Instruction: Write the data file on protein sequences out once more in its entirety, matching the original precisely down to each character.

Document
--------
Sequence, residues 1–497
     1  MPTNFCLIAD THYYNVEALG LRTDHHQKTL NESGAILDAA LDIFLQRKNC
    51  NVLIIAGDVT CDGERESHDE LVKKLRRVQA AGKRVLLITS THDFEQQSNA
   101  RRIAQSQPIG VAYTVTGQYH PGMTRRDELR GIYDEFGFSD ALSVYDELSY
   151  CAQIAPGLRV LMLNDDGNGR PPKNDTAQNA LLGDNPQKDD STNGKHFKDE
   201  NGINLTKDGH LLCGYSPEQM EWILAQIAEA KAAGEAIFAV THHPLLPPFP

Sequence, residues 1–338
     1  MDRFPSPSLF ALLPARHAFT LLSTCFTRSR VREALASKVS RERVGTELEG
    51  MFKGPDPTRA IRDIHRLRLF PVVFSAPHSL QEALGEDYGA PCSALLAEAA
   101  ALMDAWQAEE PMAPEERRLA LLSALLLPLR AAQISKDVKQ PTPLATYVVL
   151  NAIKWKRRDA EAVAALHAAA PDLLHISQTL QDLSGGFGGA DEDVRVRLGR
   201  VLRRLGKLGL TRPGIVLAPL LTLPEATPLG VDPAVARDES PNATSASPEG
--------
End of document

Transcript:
Sequence, residues 1–497
     1  MPTNFCLIAD THYYNVEALG LRTDHHQKTL NESGAILDAA LDIFLQRKNC
    51  NVLIIAGDVT CDGERESHDE LVKKLRRVQA AGKRVLLITS THDFEQQSNA
   101  RRIAQSQPIG VAYTVTGQYH PGMTRRDELR GIYDEFGFSD ALSVYDELSY
   151  CAQIAPGLRV LMLNDDGNGR PPKNDTAQNA LLGDNPQKDD STNGKHFKDE
   201  NGINLTKDGH LLCGYSPEQM EWILAQIAEA KAAGEAIFAV THHPLLPPFP

Sequence, residues 1–338
     1  MDRFPSPSLF ALLPARHAFT LLSTCFTRSR VREALASKVS RERVGTELEG
    51  MFKGPDPTRA IRDIHRLRLF PVVFSAPHSL QEALGEDYGA PCSALLAEAA
   101  ALMDAWQAEE PMAPEERRLA LLSALLLPLR AAQISKDVKQ PTPLATYVVL
   151  NAIKWKRRDA EAVAALHAAA PDLLHISQTL QDLSGGFGGA DEDVRVRLGR
   201  VLRRLGKLGL TRPGIVLAPL LTLPEATPLG VDPAVARDES PNATSASPEG